Monday, 15 March 2010
Pancakes and Omlettes
Walked today from Dorking to Leith Hill - what a day for it! I think I may be a little sunburned! I had made some American pancakes for breakfast, so I took the left-overs for the girls. The recipe is below. If you are having them on a schoolday - yes, it is possible - measure out the ingredients the night before, mix the batter in the morning and put the pan on to heat while you are in the shower!
This evening, I couldn't think what to cook for dinner. Then I spied the pack of 15 eggs hanging around near the cooker - aha - omelettes! My children love omelettes (what a strange word now I have typed it twice....) and we sometimes have them for brekkie. Tonight, I gave them the option of plain (with salt for Jolie), cheese (her friend Neva), ham (Barney) and fried onions (Jake). I had a sort of Spanish affair with onions, peppers and left-over potatoes. Delicious. Apologies for the picture; I forgot until I was halfway through!
Omelette (serves one)
3 eggs, lightly beaten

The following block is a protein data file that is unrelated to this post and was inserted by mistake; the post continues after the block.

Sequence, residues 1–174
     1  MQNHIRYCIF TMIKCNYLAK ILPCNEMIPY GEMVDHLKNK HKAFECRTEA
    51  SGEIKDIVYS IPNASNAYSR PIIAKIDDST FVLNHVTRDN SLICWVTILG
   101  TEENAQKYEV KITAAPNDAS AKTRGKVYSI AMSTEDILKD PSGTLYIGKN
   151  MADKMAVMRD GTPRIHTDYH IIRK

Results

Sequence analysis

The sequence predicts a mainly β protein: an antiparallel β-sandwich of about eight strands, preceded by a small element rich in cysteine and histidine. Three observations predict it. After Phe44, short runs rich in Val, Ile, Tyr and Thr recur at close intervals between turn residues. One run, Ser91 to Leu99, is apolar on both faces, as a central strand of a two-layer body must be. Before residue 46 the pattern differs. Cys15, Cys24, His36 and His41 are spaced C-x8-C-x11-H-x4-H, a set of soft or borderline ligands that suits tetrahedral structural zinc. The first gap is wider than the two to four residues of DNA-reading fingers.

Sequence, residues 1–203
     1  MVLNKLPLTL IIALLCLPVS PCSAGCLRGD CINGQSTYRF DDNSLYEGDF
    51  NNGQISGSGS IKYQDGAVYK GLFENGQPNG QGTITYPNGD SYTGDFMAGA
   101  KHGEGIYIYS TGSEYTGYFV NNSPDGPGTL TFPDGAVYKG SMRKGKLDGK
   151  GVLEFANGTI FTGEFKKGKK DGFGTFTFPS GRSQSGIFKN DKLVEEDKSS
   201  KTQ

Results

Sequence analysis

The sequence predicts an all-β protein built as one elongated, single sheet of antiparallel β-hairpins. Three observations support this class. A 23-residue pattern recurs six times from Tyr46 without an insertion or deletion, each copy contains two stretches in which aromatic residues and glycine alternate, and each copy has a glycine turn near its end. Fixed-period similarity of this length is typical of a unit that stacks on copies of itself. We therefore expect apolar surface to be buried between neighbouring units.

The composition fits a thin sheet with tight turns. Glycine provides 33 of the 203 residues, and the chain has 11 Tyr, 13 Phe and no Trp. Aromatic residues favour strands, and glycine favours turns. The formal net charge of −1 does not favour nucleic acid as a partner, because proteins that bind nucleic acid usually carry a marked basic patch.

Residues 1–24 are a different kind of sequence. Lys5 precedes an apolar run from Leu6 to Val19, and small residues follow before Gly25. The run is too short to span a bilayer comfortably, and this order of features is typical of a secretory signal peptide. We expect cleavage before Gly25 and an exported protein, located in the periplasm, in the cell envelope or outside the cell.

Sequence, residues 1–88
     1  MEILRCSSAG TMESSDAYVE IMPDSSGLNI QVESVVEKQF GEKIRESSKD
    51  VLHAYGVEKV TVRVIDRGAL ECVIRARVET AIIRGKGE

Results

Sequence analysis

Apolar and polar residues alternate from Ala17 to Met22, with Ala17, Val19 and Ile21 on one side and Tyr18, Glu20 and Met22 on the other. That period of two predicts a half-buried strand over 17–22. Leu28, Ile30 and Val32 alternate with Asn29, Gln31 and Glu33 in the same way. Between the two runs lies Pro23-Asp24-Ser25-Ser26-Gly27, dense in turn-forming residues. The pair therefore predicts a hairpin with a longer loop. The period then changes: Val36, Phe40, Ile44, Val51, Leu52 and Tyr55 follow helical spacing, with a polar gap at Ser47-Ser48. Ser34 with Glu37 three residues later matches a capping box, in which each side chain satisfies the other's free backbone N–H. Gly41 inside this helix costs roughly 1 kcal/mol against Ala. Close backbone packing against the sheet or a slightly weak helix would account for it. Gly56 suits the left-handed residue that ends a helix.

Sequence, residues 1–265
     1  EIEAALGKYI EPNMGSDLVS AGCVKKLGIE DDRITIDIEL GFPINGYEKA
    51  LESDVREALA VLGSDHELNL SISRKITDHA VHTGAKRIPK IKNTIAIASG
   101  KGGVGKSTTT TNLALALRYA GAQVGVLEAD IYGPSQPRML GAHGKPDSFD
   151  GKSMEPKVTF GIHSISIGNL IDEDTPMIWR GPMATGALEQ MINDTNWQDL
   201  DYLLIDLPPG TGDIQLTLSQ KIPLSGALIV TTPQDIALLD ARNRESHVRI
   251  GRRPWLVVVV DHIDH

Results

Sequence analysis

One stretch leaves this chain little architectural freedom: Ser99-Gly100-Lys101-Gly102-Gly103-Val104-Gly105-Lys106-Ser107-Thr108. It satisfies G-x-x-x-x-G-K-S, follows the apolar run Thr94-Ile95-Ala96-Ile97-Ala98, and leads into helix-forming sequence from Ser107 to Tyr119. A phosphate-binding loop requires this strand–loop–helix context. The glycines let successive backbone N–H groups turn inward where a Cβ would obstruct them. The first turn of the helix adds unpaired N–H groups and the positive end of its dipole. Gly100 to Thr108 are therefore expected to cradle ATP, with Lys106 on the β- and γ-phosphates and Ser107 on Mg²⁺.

knob of butter
Heat a small frying-pan over a medium heat. Add a knob of butter and wait for it to stop sizzling. Add the eggs all at once. Leave for a minute or two, then pull the cooked underneath gently aside so the runny eggs fill the space left in the pan. Repeat until there is not much left running on the surface. Season with salt and pepper.
Now, purists will have you gently slide a palette knife under one side and flip it over, with runny egg inside, which does continue cooking for a while.
But I don't like runny egg AT ALL, so I leave it to cook longer, and sometimes finish it off under the grill.
You can add, grated cheese, chopped ham, herbs, fry some onion before adding the eggs, cooked sliced potatoes, the list goes on.
Breakfast Pancakes (serves 4 hungry people!)
200g self-raising flour
1 tsp baking powder
2 tbsp caster sugar
1/2 tsp vanilla essence
milk to mix (about 200ml)
Put a frying pan on a medium heat.
Measure the flour, baking powder and sugar into a large bowl. Add the eggs, vanilla and mix with enough milk to make a very stiff batter. You want it so that it only just drops off a spoon. Add some butter to the pan, then table-spoonfuls of the batter. Wait until bubbles appear on the surface before flipping them over.
Eat with maple or agave syrup and butter. Americans eat these with crispy bacon too.